The map-referenced navigation system was designed to allow safe low-level flight without the need for forward-looking radar to define the terrain in front of the aircraft. This method was made possible by the developing technique of digital mapping, the ability to store large quantities of data, accessibly, large quantities of data, linked with GPS and other conventional navigation aids. The aircraft installation, including the MonoHUD, provided a demonstration of the principal benefits of a highly integrated system. It involved the specification and procurement of data bases, extensive algorithm design and requirements capture for future systems.
To underpin the fidelity of the data bases and the overall system integrity, the development of a covert sensor to detect obstacles not included in the data base was introduced. This sensor began development with the LOCUS system, a CO2 laser radar developed by GEC to meet a US Navy requirement for obstacle detection. With the basics established with LOCUS, CLARA became the product definition. An early development of CLARA is illustrated in the nose cone of XW750, the aircraft also having high visibility propellers (picture right).
CLARA was specific to the detection of cables and the development was done in collaboration with France, Dassault Electronique, with GEC as the prime UK contractor. Two sets of equipment were produced, one for each nation. Development flying in XW750 continued into the late 1990s, successfully demonstrating the world’s first multi-mode laser radar. CLARA demonstrated a highly effective method for obstacle detection including cables in front of the aircraft's flight path. These systems were selected by the RAF for Tornado GR4 equipment update but because of cost it was not implemented.
In the early 1970s, to alleviate noise problems around airports, XW750 was used to investigate steep 6 degree approaches, two-stage flare manoeuvres to reduce passenger discomfort and provide more precise landing. The steep approaches required the development of experimental visual aids to provide pilot guidance close to the ground. These aids included the first trials of what became the highly successful Precision Approach Path Indicator (PAPI) now a standard feature at most airports in the world.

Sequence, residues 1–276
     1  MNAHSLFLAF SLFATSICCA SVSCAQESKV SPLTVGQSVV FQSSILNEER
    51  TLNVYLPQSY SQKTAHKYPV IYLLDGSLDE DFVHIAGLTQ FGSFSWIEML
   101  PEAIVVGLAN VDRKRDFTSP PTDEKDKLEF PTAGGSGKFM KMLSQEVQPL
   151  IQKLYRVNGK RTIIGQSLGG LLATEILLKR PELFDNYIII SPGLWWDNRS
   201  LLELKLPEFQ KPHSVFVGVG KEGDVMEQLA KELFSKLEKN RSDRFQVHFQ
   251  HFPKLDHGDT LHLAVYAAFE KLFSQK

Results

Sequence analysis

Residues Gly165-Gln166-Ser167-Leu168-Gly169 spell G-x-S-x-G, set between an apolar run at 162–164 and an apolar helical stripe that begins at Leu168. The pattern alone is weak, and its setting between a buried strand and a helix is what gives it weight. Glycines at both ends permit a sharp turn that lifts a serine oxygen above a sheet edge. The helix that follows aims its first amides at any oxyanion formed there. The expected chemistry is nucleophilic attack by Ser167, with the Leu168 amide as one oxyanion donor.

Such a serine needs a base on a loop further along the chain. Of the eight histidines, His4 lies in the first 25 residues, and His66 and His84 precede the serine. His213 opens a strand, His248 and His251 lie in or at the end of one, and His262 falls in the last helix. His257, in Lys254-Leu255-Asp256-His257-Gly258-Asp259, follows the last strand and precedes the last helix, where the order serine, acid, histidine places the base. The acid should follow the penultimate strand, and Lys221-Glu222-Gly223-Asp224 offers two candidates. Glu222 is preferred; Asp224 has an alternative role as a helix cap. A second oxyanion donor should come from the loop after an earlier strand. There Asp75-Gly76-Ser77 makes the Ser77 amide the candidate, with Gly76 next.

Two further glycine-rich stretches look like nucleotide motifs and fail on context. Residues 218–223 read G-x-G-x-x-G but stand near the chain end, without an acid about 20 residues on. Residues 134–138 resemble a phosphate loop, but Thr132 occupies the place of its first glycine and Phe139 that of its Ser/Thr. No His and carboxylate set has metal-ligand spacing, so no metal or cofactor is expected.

In support of the accident investigation of the Dan Air HS748 (G-KEBF) crash during take-off from Sumburgh, Orkney Islands in July 1979 with the loss of 17 lives, XW750 performed flight tests to establish the cause of the accident. The investigation centred on the elevator gust lock mechanism which had become engaged during pre-flight checks and which had contributed to loss of control.
On 30 September 1982 a Mil Std 1553B digital data transmission system was flown for the first time in the world in XW750. The equipment was designed and manufactured by Smiths Industries. This equipment replaced heavy and bulky cable looms and this data-bus standard was widely used until it was surpassed by higher transmission data rates.
XW750 was a highly effective flying laboratory for all its programmes, continuing the legacy of its first owner at Smiths Industries.
XW750 eventually became surplus to research requirements and was sold at auction. It did not suffer the ignominy of being scrapped and went to Robin Hood Airport in an attractive new livery, bearing the registration number N748D.
It was later transferred to Southend Airport where the fuselage was repainted, shown opposite, and where it has remained in storage since 2008, understood to be the oldest airworthy HS748.
This page last updated - 07/02/2017